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Managed Backup-as-a-Service Evaluation Guide

The Evaluator Group Managed Backup-as-a-Service (BUaaS) Evaluation Guide is part of a series of Evaluation Guides designed to help investigate and evaluate storage technology options. These guides are for IT professionals seeking a neutral, objective discussion of the design considerations behind new products, technologies, and trends. Evaluator Group Evaluation Guides are developed based on our review of technology options and strategic analysis of how they can best be used in today’s information storage environments.

Instead of ranking product offerings, an exercise that ignores the uniqueness of each IT environment, Evaluator Group provides a wide range of data points from which to base a detailed evaluation. With this information, Evaluator Group recommends that IT professionals review their requirements, starting with this guide, as well as our team of experts to make selections.

Managed BUaaS Characteristics

Put simply, backup-as-a-service (BUaaS) refers to obtaining backup and recovery capabilities from a third-party service provider. In the case of managed backup-as-a-service, tasks and responsibilities such as deployment and management of infrastructure, and the set-up and running of data protection jobs are offloaded to that service provider. This differs from other, non-managed BUaaS offerings that are simply backup software hosted in the public cloud, and that still require the customer to handle these operations. But what they have in common is that customers pay for what they get as a subscription or consumption-based service.

Managed services, which vary by service provider, might include cloud-based resources, for example, cloud-hosted backup software or retention storage, with the managed service provider working in conjunction with the cloud service provider and adding value-add white glove services. However, they also have additional flexibility in terms of where the backup software itself is deployed, as well as in the configuration of the underlying, supporting infrastructure. The backup software might be deployed on the customer’s site, or it might be hosted offsite in a colocation data center.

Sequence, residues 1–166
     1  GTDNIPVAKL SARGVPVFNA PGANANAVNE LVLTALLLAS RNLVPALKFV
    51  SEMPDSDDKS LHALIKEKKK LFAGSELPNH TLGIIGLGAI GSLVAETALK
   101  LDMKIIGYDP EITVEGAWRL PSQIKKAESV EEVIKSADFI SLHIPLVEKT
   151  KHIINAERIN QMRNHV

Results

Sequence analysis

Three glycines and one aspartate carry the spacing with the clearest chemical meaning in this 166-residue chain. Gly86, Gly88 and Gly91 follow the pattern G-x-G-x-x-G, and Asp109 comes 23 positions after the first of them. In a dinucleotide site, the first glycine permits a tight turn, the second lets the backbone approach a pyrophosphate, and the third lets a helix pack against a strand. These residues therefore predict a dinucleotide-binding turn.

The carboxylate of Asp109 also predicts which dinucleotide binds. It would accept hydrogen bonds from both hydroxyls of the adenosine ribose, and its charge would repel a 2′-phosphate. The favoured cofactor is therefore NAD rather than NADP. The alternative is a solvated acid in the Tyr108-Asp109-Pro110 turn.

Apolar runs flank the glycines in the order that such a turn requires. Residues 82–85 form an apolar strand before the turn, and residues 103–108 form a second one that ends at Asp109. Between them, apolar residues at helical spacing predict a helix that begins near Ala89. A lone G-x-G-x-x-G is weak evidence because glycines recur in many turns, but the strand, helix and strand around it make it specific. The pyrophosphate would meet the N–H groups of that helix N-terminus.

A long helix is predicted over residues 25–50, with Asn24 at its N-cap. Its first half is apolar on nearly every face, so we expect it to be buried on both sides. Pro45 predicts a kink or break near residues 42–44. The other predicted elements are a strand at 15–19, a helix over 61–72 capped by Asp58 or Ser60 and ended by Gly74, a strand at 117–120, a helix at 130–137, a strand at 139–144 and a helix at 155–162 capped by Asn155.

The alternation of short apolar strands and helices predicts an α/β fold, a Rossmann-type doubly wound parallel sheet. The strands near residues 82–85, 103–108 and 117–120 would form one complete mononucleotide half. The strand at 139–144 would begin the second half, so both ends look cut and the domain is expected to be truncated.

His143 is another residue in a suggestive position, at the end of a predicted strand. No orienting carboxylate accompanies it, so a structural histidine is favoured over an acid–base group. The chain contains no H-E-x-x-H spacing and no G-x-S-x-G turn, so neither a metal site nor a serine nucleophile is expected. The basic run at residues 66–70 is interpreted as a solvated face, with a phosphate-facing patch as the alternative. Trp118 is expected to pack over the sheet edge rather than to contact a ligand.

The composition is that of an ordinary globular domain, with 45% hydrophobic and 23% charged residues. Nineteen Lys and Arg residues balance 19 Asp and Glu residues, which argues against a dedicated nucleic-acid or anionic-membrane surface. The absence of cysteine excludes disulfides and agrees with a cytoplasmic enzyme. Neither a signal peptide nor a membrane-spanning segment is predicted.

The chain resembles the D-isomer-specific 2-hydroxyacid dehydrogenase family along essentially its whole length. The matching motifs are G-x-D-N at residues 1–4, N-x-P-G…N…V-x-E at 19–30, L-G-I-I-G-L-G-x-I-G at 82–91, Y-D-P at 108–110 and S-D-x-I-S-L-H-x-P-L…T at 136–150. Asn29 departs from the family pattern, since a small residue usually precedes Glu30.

Core backup and operational recovery functions are addressed with managed backup services. Some include replication, but this would typically fall more under disaster recovery services. Recovery points and recovery times are often covered as a “service level objective” (SLO) – that is to say, it is a “best effort” approach without remedial action if not met. Others have service level agreements (SLAs), in which remedial actions (typically a credit for service) are taken if the recovery points or times are not met. The uptime for the service itself is often covered as an SLA. Additional data lifecycle management capabilities, like archive, might be included – as well as other value-add capabilities, such as analytics and reporting for compliance and security.

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Related to this document:
Backup-as-a-Service (BUaaS) – Comparison Matrix, ,

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June 11, 2021

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